Back to school again, again

Today I dropped a child off at school for the first time in a year. Picked her up there, too. Strange how such a common, mundane activity becomes infused with novelty after abstaining for so long.

My daughter is back in high school, two days a week for in-person learning and two for online. They’re supposed to have Wednesdays off, but, she says, we’ll see about that.

She’s 16, and in her year away from school she’s grown her hair out and changed up the color scheme; she’s several inches taller, and made some changes to her wardrobe, accessories and other elements of personal style. I imagine all the rest of the kids have done a bit of growing up as well. Gotta be weird, like coming back from an extended summer vacation and everybody’s changed.

Things are getting better. Feels that way, anyhow. Let’s dive into the numbers and see what they say.

the numbers

  • 1,466 new cases in NC today, the fourth straight day of decline; 11,254 deaths, tapering off.
    • New recovery numbers of 819,839 give us approximately 31,077 current cases statewide.
    • 5.5 percent positive test rate, trending up, but a low amount of tests.
    • 8.0 percent of NC has been vaccinated, and another 13.7 percent have had the first shot.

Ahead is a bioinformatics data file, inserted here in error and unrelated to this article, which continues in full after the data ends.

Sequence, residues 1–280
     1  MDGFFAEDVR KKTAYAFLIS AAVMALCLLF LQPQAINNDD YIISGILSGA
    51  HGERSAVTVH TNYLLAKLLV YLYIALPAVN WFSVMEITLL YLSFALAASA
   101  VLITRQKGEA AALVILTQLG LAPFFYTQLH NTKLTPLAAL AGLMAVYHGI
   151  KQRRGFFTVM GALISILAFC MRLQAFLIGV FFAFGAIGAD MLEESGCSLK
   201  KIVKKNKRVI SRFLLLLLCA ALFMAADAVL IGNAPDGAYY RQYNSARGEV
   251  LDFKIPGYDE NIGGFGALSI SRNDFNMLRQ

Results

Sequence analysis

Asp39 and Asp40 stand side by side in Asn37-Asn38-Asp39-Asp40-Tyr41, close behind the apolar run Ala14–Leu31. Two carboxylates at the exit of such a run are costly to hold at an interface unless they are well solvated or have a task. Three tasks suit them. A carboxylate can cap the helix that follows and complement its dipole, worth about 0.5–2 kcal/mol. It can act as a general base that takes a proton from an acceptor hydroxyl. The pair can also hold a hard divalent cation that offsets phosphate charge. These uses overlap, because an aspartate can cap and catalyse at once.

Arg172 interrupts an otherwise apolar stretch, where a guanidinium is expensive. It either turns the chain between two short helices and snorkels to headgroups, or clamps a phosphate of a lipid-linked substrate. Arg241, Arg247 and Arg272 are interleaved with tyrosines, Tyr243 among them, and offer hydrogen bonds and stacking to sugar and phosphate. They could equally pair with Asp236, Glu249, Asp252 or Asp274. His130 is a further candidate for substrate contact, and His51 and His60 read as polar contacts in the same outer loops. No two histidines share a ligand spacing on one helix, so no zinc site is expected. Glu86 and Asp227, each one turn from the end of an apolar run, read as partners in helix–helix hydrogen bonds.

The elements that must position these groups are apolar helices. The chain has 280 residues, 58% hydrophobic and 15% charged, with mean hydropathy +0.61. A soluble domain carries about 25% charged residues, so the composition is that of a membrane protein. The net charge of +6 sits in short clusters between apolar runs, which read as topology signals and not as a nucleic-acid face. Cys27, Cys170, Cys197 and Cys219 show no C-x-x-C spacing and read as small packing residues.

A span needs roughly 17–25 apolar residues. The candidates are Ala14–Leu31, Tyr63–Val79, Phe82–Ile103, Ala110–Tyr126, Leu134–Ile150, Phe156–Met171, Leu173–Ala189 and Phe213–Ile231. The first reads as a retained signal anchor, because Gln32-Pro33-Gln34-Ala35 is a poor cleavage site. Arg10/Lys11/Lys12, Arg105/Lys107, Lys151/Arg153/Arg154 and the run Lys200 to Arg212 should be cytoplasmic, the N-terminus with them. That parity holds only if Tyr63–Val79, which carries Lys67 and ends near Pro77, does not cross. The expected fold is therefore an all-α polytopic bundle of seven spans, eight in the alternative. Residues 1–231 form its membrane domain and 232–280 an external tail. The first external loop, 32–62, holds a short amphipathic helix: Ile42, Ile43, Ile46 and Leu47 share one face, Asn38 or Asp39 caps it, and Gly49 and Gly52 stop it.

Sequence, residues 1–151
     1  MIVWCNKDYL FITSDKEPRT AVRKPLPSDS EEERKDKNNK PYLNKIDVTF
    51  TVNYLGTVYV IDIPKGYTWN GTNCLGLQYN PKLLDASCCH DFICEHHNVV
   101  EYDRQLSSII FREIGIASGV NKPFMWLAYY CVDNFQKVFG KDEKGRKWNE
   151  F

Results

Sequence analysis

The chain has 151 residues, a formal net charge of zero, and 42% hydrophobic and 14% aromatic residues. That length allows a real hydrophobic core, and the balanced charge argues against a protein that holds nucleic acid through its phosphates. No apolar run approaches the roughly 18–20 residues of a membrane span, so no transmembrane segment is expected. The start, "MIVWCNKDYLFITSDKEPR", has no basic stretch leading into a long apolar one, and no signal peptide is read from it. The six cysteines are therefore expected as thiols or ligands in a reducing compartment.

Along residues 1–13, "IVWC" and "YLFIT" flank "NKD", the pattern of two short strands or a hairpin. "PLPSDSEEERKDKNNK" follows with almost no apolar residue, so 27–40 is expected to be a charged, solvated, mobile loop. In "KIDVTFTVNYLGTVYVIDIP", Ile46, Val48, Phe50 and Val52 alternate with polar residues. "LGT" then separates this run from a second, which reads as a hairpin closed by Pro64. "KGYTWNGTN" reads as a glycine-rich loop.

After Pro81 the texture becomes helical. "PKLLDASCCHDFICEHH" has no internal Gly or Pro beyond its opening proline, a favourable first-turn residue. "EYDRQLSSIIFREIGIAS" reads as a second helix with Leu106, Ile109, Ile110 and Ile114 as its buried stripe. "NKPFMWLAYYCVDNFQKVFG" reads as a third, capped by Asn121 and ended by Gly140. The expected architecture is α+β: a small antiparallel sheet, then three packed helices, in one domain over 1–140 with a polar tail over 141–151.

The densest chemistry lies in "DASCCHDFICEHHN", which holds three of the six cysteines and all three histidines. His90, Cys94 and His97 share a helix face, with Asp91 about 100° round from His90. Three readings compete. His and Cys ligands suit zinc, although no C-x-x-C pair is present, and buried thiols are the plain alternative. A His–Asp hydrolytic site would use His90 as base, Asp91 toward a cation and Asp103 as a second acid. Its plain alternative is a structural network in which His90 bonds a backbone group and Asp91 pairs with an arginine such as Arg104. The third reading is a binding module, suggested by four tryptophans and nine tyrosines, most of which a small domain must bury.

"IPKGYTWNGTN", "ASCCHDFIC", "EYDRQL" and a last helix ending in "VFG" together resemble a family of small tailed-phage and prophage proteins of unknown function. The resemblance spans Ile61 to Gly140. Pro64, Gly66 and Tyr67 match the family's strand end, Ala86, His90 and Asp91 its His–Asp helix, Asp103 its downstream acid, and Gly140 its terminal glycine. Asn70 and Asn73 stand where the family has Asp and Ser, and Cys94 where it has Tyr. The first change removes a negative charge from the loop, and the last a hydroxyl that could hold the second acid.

• Guilford sucks with 153 new cases. The slowdown has not yet reached Guilford, with 518 deaths.
    • A big jump in recoveries means a big drop in current cases: 1,371.
  • Forsyth data sucks, but the numbers they show are pretty good: 44 new cases today, no new deaths (345). But the recovery numbers date back to Feb. 20.

A diversion

I’ve been watching “Seinfeld” with the kids — really, just my daughter these daye because she’s the only one home. Amazing how it still holds up 25 years later, for the most part. Anyway, here’s 120 minutes of outtakes from all nine seasons of the show.

Program notes

  • In Rome, they celebrate Carnival with races of riderless horses. “The Start of the Race of the Riderless Horses” feels appropriate in other ways as well. By Horace Vernet, 1820. Thanks to the Metropolitan Museum of Art’s public-domain collection.
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